He noted that even when they are not spoken about or are denied, these divisions are very real in many parts of the world.
“This is sin in its primal meaning,” Cantalamessa stated. “The kingdom of this world becomes more important in the person’s heart than the Kingdom of God.”
He invited all Catholics, starting with pastors, to make a serious examination of conscience about what is more important in their own heart, to learn from Jesus’ example in the Gospel, and to be converted.
Christ “lived at a time of strong political polarization,” he said. “Four parties existed: the Pharisees, the Sadducees, the Herodians, and the Zealots. Jesus did not side with any of them and energetically resisted attempts to be pulled towards one or the other.”
“The earliest Christian community faithfully followed him in that choice, setting an example above all for pastors, who need to be shepherds of the entire flock, not only of part of it,” he added.
Pastors “need to ask themselves where it is that they are leading their flocks – to their position or Jesus’,” he said, also noting that “the Second Vatican Council entrusted especially to laypeople the task of translating the social, economic and political implications of the Gospel into practice in different historical situations, always in a respectful and peaceful way.”
Cantalamessa quoted Pope Francis’ words from paragraph 277 of Fratelli tutti, that “Others drink from other sources. For us, the wellspring of human dignity and fraternity is in the Gospel of Jesus Christ. From it, there arises, ‘for Christian thought and for the action of the Church, the primacy given to relationship, to the encounter with the sacred mystery of the other, to universal communion with the entire human family, as a vocation of all.’”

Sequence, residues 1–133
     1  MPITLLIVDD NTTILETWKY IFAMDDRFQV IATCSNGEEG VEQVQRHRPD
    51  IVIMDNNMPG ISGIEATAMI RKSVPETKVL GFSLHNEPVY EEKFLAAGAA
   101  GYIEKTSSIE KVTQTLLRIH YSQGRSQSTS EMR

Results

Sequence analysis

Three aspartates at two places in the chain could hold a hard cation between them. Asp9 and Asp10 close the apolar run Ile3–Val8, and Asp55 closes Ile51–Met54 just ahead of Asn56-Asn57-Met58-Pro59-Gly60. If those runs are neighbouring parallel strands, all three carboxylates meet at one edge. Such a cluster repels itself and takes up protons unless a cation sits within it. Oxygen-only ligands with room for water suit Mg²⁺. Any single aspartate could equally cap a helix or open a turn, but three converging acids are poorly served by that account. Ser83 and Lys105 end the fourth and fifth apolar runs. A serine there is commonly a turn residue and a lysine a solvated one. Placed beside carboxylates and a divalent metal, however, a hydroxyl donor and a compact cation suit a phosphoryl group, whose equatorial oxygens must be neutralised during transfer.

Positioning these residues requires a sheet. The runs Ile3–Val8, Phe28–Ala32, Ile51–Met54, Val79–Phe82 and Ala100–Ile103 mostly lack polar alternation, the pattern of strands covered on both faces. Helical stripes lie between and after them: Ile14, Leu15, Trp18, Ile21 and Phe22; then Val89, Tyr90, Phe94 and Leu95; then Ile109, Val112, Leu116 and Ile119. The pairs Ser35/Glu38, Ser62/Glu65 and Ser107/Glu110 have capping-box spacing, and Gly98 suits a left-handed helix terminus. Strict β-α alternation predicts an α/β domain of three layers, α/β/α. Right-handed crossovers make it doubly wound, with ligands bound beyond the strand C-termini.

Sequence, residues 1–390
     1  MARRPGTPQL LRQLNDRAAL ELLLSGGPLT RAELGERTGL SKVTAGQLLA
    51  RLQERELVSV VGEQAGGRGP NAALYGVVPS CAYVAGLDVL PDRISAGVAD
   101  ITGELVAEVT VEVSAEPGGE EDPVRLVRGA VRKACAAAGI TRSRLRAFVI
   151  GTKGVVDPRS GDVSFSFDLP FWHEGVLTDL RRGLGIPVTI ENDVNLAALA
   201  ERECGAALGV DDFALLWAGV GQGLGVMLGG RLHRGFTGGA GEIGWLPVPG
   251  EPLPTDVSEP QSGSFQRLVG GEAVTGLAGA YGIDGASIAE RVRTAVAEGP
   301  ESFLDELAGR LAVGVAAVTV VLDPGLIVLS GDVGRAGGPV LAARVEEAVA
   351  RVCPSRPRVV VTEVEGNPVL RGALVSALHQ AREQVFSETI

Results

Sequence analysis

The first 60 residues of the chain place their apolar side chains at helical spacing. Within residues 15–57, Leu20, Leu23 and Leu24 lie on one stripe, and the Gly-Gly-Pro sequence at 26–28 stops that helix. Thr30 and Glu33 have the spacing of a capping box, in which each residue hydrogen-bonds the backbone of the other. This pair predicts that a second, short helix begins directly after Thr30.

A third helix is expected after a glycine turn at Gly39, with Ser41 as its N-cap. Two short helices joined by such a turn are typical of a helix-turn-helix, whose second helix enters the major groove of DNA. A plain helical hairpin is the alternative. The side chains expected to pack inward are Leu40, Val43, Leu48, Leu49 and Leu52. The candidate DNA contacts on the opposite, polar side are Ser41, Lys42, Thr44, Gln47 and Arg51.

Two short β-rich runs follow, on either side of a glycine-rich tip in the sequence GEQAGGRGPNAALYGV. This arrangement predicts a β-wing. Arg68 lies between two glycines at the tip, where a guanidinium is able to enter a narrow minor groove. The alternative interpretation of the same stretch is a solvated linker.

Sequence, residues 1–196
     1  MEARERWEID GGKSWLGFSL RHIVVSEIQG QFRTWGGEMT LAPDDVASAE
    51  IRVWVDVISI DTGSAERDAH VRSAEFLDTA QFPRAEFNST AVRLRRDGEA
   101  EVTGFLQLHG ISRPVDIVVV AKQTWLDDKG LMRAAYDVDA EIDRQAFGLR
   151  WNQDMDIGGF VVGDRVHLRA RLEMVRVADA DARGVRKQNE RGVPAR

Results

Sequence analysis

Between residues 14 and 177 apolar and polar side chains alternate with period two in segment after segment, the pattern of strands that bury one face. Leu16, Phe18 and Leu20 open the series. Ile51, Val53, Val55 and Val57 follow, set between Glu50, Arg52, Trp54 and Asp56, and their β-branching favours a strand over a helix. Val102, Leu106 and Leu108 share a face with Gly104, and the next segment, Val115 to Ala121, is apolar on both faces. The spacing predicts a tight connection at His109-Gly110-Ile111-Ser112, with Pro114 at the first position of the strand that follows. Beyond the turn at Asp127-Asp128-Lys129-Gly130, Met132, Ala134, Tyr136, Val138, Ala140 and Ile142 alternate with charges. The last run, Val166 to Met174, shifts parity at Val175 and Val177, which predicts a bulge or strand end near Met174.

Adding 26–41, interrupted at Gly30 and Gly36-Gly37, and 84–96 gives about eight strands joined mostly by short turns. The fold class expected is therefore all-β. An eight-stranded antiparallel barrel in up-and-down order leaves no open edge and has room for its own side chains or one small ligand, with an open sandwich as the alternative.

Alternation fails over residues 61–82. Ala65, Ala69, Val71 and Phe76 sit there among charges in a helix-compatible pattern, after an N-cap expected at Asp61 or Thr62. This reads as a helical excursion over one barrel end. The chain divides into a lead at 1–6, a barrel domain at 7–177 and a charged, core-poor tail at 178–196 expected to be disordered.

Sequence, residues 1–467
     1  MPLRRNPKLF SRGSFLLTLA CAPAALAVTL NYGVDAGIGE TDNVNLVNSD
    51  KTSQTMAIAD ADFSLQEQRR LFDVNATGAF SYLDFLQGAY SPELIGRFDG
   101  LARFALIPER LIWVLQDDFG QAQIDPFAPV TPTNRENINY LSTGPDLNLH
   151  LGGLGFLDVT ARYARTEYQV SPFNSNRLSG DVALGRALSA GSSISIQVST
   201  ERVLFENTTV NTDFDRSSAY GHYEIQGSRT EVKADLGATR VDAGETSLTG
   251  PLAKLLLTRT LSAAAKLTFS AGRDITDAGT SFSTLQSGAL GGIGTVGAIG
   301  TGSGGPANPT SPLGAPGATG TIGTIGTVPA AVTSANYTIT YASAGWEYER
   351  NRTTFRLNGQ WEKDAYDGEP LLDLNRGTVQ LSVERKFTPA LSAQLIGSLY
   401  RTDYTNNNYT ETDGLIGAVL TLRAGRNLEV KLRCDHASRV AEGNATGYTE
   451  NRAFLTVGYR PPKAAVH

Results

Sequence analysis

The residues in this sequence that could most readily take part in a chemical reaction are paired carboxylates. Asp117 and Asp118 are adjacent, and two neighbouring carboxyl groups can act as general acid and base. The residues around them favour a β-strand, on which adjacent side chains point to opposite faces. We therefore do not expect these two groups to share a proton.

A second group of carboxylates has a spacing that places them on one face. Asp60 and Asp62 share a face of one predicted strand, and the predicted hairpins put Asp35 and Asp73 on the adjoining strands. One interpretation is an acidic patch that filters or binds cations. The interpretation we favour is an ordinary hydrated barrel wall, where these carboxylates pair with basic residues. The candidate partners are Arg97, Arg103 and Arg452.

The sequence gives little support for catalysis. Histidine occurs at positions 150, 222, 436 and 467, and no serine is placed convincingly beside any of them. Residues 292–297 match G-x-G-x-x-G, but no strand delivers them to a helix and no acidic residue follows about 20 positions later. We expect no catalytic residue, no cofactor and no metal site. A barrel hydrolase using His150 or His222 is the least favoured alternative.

“The mystery of the cross that we are celebrating obliges us to focus precisely on this Christological foundation of fraternity which was inaugurated on Calvary,” the preacher said.
He explained that “if there is a special charism or gift that the Catholic Church is called to cultivate for all the Christian Churches, it is precisely unity,” as Pope Francis’ recent trip to Iraq demonstrated firsthand.
“To the One who died on the cross ‘to gather into one the dispersed children of God' (Jn 11:52), with a humble spirit and contrite heart we lift up the prayer addressed to him by the Church before Communion at every Mass,” he concluded.
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“Lord Jesus Christ, you said to your apostles: Peace I leave you, my peace I give you; look not on our sins, but on the faith of your Church, and graciously grant her peace and unity in accordance with your will. You live and reign forever and ever. Amen.”